I think the most important statement is that you WORK VERY HARD!!! There is no magic to balance. There is a well-oiled machine and lots of hard work.

vkanyogonya said...

Great post Melissa. The epitome of work /life balance! I’ll certainly save this for future reference.

suburbanite said...

What a great post! I'm going to send it to all my female academic friends. Having the two days at home also makes for greater productivity, in my experience - although clearly one must be available to colleagues needing an immediate response, as it's not fair on them otherwise.

I too have been very lucky with a flexible workplace and supportive extended family. I can also say in encouragement that it gets easier as the children get older. My tip as the mother of a teenager is to train the children from a young age to be helpful around the house (indeed their wives will thank you for it one day!).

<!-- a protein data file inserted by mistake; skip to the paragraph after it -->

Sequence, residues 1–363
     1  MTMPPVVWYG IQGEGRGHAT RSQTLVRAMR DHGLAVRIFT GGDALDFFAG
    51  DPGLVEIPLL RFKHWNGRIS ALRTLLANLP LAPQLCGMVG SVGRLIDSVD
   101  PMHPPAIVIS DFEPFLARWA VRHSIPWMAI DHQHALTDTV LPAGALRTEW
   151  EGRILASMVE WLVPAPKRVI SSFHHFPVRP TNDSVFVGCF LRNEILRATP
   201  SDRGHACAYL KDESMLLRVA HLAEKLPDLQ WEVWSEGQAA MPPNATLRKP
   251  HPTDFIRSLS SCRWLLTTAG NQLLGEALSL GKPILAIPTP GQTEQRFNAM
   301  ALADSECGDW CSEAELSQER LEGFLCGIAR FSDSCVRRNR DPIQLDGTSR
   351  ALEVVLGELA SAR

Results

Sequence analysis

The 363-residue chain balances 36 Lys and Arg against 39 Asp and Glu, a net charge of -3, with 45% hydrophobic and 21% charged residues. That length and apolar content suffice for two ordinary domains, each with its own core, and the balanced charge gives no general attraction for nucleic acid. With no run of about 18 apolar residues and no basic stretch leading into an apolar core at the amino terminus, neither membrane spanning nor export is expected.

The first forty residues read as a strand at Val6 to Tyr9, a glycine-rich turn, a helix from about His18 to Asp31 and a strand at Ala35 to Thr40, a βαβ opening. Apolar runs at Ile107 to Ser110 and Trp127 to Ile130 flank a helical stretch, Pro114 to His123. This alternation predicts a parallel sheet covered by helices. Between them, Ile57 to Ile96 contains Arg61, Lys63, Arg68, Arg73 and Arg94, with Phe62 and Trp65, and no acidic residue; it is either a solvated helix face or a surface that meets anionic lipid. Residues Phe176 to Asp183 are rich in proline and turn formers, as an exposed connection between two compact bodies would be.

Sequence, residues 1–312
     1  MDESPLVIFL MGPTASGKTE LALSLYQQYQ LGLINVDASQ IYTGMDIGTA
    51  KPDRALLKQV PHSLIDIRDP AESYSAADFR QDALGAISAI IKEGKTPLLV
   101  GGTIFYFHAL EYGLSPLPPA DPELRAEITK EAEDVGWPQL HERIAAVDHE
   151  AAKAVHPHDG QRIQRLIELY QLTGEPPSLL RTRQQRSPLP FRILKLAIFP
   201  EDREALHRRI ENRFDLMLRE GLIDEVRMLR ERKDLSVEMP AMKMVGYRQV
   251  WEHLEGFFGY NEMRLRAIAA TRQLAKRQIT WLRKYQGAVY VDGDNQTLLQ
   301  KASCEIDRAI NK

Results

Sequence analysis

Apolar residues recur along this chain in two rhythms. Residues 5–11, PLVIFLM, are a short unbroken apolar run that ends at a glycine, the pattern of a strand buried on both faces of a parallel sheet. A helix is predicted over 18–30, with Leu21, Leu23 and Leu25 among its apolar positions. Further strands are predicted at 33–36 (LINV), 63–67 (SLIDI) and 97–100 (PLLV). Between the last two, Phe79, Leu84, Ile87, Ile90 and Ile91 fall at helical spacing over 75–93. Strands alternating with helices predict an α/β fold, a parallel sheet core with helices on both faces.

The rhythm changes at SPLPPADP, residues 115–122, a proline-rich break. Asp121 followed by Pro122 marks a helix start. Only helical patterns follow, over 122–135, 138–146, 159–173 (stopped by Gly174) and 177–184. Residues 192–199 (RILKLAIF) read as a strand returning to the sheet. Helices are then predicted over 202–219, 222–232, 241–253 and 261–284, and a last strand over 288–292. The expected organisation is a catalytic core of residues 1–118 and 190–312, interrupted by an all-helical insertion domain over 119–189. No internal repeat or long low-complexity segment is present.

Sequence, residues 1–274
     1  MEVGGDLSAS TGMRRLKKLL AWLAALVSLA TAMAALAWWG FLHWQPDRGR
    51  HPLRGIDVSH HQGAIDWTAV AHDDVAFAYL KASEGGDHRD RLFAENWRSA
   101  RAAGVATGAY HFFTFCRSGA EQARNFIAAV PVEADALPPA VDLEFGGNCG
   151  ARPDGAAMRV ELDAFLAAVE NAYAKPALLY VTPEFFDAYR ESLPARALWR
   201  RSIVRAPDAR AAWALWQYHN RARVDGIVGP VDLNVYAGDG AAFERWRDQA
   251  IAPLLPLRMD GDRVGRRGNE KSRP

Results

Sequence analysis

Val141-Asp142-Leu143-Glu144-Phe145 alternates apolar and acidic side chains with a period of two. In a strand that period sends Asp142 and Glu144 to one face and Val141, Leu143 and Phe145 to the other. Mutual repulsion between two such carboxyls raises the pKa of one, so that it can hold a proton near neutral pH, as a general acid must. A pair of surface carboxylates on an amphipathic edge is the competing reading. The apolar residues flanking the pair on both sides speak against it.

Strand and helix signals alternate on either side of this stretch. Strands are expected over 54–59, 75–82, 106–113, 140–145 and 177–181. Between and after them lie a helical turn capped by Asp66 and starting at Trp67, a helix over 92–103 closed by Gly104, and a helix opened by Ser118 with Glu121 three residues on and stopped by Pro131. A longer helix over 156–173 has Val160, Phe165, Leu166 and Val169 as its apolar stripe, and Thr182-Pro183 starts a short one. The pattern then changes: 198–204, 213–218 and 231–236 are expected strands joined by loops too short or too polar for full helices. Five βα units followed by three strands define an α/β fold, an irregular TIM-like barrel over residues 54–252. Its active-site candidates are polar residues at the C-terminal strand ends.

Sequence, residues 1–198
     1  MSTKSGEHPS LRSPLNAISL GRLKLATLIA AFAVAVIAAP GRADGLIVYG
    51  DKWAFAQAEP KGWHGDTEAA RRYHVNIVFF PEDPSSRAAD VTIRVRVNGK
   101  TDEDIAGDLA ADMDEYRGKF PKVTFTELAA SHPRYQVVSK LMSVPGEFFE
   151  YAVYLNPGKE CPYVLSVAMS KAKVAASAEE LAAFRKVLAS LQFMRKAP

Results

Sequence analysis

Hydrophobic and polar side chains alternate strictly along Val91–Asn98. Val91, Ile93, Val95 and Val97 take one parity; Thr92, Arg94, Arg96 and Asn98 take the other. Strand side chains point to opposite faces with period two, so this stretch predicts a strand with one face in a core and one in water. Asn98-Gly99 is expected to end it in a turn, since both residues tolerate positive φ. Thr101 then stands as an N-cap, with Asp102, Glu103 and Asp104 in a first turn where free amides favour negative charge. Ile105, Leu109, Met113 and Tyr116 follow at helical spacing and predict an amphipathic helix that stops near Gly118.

Sarah Bridle said...

Fantastic, thank you very much indeed for posting this. I was desperate for this sort of information 3 years ago.
Now, 2 children (but no twins!) later, I have a similar story to yours but am instead grateful for a fantastic nanny and cleaner/nanny; in addition to wonderful husband and family.

Katharina Hyland said...

You are so so right on every point! This article should be handed to everyone who is pregnant or thinking about it.

jano said...

Apart from some really minor differences (my first child is a girl, and my boys are identical; my commute is 15 mins walk which is part of my daily exercise; we used a nanny and preschool rather than childcare; and I'm a self-employed barrister in Sydney, not an academic), this is my life, even down to the pregnancy-related disability (transient regional osteoporosis, in my case).